by Marion Nestle
Dec 22 2011

The latest in new product introductions

You may be interested in how real foods improve health and well being, taste better, reduce waste, and are friendlier to the environment.

But such foods, alas, are much less profitable than those highly processed.

Caroline Scott-Thomas of Food Navigator USA gives us a preview of what Big Food has in store for us next year. Coming soon to a store near you:

From General Mills:
  • Dulce de Leche Cheerios
  • Peanut butter Cheerios

And from Kraft:

  • BelVita breakfast biscuit, a cookie-type product made with whole grains and fortified with vitamins and minerals
  • MilkBite Milk and Granola bars with as much calcium as an 8oz glass of milk
  • New flavor combinations for Velveeta Cheesy Skillets Dinner Kits
  • New Kraft Sizzling Salads Dinner Kits to which you can add your choice of meat and vegetables

The rationale for this last one?

Americans are having more interactive experiences with food and want the opportunity to do some of the cooking themselves. With global influence and the merging of different cultures, consumers are open to new flavor combinations. Being able to customize the flavor and texture to enhance the end dish is important and Kraft Foods is delivering.

Real food anyone?  Or—how’s this for an idea—real cooking?

  • Julia Childs … You don’t have to cook fancy or complicated masterpieces – just good food from fresh ingredients.

  • @ Ken: Alice Waters’ philosophy is the same.

    I find cooking is so much easier and less time consuming with fresh ingredients, rather than needing to open packages and read instructions. And shopping takes less time as well.

  • Jennifer Feeney

    How do you get people to start cooking? Most that I know refuse to believe that they can, that they have the time. They all seem to understand that cooking from real foods is better for you and tastes better, but they just can’t seem to release themselves from the grip the the phood marketing that says, “Why bother? We can do it for you!”

  • Thank you for this info. I imagine that these new products will also contain processed soy, which is a top 8 allergen.

    How can we get soy out of our food?


  • This comes at the same time that Indra Nooyi of PepsiCo is being attacked by shareholders for her aggressive ‘better-for-you’ business growth goals and refocusing attention on what PepsiCo is calling “indulgent brands.”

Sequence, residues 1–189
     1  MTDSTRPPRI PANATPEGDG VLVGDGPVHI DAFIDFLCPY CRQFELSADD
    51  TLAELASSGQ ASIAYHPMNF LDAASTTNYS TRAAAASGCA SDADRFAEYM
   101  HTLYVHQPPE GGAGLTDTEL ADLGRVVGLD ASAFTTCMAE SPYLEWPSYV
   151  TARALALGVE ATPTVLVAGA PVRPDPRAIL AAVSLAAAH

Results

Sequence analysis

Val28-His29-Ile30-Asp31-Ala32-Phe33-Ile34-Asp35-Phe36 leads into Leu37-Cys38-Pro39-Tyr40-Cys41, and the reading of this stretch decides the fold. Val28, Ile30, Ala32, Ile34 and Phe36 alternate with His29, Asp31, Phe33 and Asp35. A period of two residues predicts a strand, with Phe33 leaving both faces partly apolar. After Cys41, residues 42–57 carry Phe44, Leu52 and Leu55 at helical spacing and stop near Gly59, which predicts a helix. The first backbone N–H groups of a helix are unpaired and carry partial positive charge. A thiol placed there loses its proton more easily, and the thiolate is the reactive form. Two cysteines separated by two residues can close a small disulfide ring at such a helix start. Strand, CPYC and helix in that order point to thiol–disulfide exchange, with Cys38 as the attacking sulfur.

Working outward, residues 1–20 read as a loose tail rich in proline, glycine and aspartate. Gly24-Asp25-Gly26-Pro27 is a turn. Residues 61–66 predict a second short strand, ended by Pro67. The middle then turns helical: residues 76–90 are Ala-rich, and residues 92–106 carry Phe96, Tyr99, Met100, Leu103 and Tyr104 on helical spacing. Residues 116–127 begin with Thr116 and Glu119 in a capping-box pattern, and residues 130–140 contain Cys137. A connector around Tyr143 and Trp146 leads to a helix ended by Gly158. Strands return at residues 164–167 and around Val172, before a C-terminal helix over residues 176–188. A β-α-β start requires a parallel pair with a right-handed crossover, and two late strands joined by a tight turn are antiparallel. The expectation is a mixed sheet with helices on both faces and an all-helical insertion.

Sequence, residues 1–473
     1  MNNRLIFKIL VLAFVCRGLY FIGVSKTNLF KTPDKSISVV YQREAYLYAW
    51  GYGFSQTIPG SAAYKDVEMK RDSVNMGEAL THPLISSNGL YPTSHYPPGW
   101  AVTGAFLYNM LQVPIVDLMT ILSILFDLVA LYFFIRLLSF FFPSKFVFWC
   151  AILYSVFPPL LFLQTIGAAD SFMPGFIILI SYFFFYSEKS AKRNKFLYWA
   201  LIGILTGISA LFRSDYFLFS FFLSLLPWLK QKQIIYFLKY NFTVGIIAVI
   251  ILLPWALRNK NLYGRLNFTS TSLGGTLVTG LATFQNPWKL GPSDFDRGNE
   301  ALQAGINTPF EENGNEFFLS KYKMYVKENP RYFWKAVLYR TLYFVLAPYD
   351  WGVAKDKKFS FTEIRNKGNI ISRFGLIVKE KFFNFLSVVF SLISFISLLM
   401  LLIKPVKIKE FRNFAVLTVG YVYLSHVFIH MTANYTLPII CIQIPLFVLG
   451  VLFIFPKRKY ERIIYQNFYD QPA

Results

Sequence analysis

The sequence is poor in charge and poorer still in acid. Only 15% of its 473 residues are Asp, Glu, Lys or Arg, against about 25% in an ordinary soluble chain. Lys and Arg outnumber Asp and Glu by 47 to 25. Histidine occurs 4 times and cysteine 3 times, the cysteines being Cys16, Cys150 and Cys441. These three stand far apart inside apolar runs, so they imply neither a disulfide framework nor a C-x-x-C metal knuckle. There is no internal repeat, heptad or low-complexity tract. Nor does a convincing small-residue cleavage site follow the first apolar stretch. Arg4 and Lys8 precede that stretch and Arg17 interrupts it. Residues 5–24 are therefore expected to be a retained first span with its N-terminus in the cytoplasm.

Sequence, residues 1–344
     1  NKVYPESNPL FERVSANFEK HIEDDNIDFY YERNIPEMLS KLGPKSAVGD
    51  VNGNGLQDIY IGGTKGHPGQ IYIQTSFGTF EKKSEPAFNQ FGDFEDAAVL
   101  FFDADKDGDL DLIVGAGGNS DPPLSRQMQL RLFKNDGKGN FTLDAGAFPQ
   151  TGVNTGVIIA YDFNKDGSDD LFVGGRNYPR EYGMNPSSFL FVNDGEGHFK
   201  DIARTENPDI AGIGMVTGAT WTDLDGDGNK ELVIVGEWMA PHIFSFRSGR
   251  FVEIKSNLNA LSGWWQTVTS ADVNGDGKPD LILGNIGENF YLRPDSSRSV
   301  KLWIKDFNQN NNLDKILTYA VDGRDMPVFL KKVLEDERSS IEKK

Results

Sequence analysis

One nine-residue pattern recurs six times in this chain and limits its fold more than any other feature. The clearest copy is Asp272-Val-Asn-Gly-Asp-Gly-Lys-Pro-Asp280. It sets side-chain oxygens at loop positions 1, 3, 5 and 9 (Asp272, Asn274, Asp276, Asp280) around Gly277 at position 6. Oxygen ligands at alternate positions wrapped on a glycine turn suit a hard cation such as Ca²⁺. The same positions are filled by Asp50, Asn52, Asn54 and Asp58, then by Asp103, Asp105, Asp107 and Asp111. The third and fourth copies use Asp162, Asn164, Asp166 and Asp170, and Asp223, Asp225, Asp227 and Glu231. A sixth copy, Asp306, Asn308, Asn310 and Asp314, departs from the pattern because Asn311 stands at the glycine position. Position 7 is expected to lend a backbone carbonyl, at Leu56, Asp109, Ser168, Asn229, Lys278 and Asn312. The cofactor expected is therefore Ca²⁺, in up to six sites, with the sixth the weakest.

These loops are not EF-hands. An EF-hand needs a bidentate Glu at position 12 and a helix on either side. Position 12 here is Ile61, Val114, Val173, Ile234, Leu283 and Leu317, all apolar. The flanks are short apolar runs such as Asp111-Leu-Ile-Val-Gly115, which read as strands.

Would a PepsiCo split back into Frito Lay and the more profitable Pepsi Beverages mean that Nooyi is out a job and with her abandoning of the bfy goals? Stay tuned in 2012…

  • Lorraine Lewandrowski

    More and more fake dairy, and more industrialial utilization of “dairy” and “milk” names for fake products. How much longer will this “food fraud” go on? Will FDA ever stand up for real dairy as a real food?

  • Margeretrc

    I quit processed foods years ago and cook only from fresh, real ingredients. Yet I don’t spend a lot of time in the kitchen. It really isn’t time consuming or difficult. If only people knew. If only I’d known when I was a busy working Mom and stocked my freezer with nuke and eat boxes of crap. Now I shop the perimeter of the store and don’t even bother to go in the middle where all the processed foods are. Food shopping is a breeze.

  • Margeretrc

    @Lorraine Lewandrowski, as long as people buy the junk, the companies are going to produce and market it. And the FDA is pretty much in the pockets of the manufacturers, so no sense waiting around for them to act. But you don’t have to buy it. Stick to the real stuff and just say no to the fake stuff.

  • Joe

    Until people see a real connection between the consumption of “processed” and “junk” foods and poor health they will continue to purchase and consume them. So rather than look to and lean on government regualtion to take away those choices show the evidence that such foods are harmful. People can be persuaded by evidence. Conjecture and opinion such as is often postulated here are not going to change minds.

    When individuals eat sugary cereals or some other so called junk food for weeks, months and years with no obvious ill effect then it is difficult to convince them that their choices are detremental.

    I can appreciate you passion for good health but I am puzzled by the methods to reach the goal. The wanton desire for control chops at the root of our freedom as individuals to make our own choices good or bad.

  • john

    Back to nutrition kindergarten for you Eat it Raw, equating home cooked meals with factory processed is beyond idiotic, it’s moronic.

  • Overall it is important to stay ahead of the game. Scratch that, actually it is important to stay out of the game. The game involves companies promoting one product as healthy one day to outshine competitors and even some of their own products, and then dumping it the next because the competition has evolved a bit more.

    Falling for these ploys is ridiculously easy because they advertise you to smithereens with “less than 100 calories” or “no fat” or “natural”, but these foods lack any nutritional value and only provide the misleading assumption of a healthy choice being made. They are detrimental to your health, your wallet and or purse, and how long you will last on this earth.

    LIVE Longer We Will!